In 2022, autumn reigned supreme for U.S. weddings. Twenty percent of all nuptials took place in October, and 43 percent of all weddings occurred between September and November, according to a study by theknot.com. As fall nudges out summer as the most popular wedding season, couples are looking beyond the beach for destinations that shine in cooler months.
These four ALHI Members are dreamy year-round; here’s what makes them perfect fall wedding destinations:
Boston sits at the center of New England, and The Langham, Boston sits at the center of the city’s downtown district. It might just be the geographic heart of fall wedding locations and it's definitely at the top of the list for couples looking to pair history with romance.
The Langham, Boston inhabits the former Federal Reserve Bank of Boston, built in 1922, of granite and limestone with marble doorframes and mantles. The building was declared a historic landmark so retains most of its original features, including terrazzo floors and floor-to-ceiling murals by American painter N.C. Wyeth. The hotel's pastry kitchen is in a former vault.
Owners of The Langham, Boston were able to get a renovation approved by the landmarks commission in June 2021, but restrictions to historic buildings require that additional floors not be visible from the ground. Wedding guests might be surprised a hotel that appears to be five stories from the sidewalk contains nine floors. Other surprises include original art in every nook and a vibe that's more modern than "federal reserve bank" might imply.
The hotel is a short walk from Union Oyster House, the oldest eatery in the city. Couples can share a dozen on the half shell and then pledge their troth under a Wyeth mural depicting Abraham Lincoln, a president who was quite fond of oysters.
In 1987, thirty-one years after Joseph Hardy opened his first 84 Lumber store, he was in position to do something special for his family. He bought a few hundred acres in the Allegheny Mountains of southwestern Pennsylvania so he and daughter, Maggie, could go fishing. Between Hardy's voracious appetite for experience and his expanding family's interests, the land acquisition grew to a 2200-acre resort christened Nemacolin Resort, now filled with everything from a Pete Dye golf course to Versailles-like gardens.
Couples looking for an autumn wedding location with both man- and nature-made beauty come to Nemacolin Resort. There are endless romantic outdoor spots for a ceremony, and just as many indoor choices such as the Marquis Ballroom, the Panorama Pavilion or Falling Rock, a $55 million Frank Lloyd Wright-inspired lodge. Art lovers can marry in the Reflections gallery, surrounded by modern art.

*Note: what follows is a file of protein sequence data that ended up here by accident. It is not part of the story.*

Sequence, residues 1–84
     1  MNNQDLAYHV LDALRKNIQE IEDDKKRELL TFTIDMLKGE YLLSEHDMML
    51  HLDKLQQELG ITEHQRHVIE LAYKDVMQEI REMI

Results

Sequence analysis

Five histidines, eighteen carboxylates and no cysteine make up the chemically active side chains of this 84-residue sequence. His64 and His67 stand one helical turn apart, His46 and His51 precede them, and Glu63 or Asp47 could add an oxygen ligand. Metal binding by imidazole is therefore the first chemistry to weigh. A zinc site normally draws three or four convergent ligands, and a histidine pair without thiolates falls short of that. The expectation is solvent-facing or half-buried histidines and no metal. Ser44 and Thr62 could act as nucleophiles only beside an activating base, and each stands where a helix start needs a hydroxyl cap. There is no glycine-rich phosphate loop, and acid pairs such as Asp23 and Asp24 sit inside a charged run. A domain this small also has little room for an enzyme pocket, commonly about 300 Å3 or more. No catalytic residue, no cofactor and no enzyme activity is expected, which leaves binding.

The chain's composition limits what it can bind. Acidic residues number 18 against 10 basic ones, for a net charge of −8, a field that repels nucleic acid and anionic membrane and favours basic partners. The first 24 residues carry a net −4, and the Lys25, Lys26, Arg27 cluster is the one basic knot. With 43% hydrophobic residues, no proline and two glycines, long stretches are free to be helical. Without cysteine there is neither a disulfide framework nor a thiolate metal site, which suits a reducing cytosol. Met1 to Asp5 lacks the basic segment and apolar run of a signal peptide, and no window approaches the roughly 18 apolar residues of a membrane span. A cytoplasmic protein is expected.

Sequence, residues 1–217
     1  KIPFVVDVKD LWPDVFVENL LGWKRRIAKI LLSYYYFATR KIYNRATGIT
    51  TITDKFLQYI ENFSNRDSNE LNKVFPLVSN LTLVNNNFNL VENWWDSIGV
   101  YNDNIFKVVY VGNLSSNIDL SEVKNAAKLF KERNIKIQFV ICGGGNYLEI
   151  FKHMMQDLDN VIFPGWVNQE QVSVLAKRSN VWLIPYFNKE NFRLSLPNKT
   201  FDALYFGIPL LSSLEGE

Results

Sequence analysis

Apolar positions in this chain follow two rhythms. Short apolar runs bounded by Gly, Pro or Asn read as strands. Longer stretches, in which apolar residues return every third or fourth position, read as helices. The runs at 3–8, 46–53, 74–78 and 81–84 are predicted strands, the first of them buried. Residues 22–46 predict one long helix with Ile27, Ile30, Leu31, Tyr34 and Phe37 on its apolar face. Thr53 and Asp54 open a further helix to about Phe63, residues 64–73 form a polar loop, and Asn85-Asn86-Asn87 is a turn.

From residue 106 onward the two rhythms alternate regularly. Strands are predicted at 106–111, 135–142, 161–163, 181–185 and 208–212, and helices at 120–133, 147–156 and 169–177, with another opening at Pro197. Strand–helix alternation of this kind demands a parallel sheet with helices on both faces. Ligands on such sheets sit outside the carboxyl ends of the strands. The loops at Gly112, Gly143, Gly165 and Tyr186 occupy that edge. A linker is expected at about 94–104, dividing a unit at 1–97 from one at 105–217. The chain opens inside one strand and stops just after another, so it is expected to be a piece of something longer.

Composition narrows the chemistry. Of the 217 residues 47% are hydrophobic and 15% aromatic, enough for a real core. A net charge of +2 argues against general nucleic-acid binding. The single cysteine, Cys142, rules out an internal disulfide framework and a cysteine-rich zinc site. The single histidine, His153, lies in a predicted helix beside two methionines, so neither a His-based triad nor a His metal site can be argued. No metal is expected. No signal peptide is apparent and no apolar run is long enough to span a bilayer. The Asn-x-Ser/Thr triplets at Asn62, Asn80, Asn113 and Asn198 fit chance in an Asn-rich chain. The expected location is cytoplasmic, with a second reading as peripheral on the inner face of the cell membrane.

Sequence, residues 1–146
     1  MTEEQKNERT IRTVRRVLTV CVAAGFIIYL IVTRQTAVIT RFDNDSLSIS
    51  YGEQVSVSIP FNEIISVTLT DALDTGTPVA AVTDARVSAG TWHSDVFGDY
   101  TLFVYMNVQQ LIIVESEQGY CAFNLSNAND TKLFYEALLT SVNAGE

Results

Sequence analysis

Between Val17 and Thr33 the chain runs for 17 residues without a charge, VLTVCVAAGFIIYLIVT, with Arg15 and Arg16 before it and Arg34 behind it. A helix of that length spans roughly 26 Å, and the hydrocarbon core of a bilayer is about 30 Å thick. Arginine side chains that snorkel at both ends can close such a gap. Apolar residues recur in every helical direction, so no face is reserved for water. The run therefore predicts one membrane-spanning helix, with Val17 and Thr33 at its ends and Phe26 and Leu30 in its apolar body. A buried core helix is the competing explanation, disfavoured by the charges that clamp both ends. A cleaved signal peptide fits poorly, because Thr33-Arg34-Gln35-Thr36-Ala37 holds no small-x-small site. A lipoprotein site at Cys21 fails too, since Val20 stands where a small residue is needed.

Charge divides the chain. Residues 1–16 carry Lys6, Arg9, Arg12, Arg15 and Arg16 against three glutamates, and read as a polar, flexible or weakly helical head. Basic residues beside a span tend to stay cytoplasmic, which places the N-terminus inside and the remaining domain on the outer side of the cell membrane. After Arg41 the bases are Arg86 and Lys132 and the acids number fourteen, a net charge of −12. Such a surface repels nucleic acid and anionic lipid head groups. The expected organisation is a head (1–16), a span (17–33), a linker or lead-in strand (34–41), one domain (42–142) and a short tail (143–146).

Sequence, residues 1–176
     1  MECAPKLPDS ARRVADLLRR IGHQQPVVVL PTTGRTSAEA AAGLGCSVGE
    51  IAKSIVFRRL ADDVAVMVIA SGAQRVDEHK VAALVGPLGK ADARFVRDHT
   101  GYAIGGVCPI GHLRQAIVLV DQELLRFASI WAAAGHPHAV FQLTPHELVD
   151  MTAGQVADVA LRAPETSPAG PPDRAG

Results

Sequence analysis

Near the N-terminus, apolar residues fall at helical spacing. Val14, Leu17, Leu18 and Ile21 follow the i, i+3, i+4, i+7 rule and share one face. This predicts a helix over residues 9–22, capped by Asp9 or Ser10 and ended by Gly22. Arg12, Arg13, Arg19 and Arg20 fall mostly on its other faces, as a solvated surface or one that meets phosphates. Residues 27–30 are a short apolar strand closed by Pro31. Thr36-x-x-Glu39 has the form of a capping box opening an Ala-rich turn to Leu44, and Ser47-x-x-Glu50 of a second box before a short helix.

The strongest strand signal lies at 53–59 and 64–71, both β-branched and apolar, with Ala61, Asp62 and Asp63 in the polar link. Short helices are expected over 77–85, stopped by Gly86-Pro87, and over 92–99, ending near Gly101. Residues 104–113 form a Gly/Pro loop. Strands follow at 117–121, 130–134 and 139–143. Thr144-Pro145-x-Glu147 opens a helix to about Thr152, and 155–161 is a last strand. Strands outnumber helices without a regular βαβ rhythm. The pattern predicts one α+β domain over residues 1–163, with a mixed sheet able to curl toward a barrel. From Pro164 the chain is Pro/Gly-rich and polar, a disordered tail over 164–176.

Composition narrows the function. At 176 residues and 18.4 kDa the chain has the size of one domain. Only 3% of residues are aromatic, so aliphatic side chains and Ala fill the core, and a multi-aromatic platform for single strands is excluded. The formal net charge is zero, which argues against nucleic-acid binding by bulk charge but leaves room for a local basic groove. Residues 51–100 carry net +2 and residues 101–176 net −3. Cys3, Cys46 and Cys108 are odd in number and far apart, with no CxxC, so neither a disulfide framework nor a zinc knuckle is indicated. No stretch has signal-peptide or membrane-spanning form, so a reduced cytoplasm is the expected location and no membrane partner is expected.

Hardy, who died on his 100th birthday in January 2023, always had a cigar in hand. Bride and groom can visit the mahogany-lined Hardy Room for a quick photo session with cigars and a Punch-shaped humidor, or they can jump into a Humvee and cruise a 20-mile driving experience course, or zipline to the ceremony. In short, there are a lot of options.
In 1882, railroad tycoon Henry Villard bought a chunk of Madison Avenue, the block between 50th and 51st streets, to be exact. He commissioned six private homes situated around a central cobblestone courtyard. The sedate brownstone exteriors hid Gilded Age opulence that almost immediately bankrupted him. Villard Houses may have been plural but were always perceived as a set; with the addition of an adjacent 55-story building, now function as one in the form of Lotte New York Palace.
The hotel is an array of beauty—mosaic-patterned groin vault ceilings, La Farge-designed opalescent windows and Siena marble everywhere. There's a Gold Room with 30-foot swathed-in-gilt ceilings, walls and wainscoting. A 2013, $140 million renovation supervised by the Landmark Preservation Commission kept the gilded history intact.
Weddings at Lotte New York Palace are beautiful year-round, but there's an added luxury in autumn as nearby Central Park fills with fall colors and Gold Room cognac cocktails gleam. In a city filled with special spaces, the Lotte New York Palace holds a place of its own.
Couples who choose the District of Columbia as a wedding location don’t need to be sold on the town; they’re here for the icons. But which hotel for the ceremony? There’s a sound argument to be made for The Jefferson, Washington, D.C., located just four blocks from The White House.
Designed as a luxury apartment block in 1923 by Beaux Arts master Jules Henri de Sebour, who also designed the French and Peruvian embassies, the property became a hotel in 1955. There’s a long list of luxe details—a dramatic barrel-ceiling atrium skylight, travertine bathrooms and marble fireplaces galore.
The restaurant located under that skylight, The Greenhouse, can be reserved for private events; wedding parties might see a U.S. Senator wander in when the lantern’s lit under the Capitol dome.
Bride and groom can stroll down to the National Mall, take photos with America’s magnificent memorials, and wave at the Oval Office as they head back to The Jefferson, Washington, D.C., to say ‘I do.’ It’s a significant location, equal to the significance of a wedding day.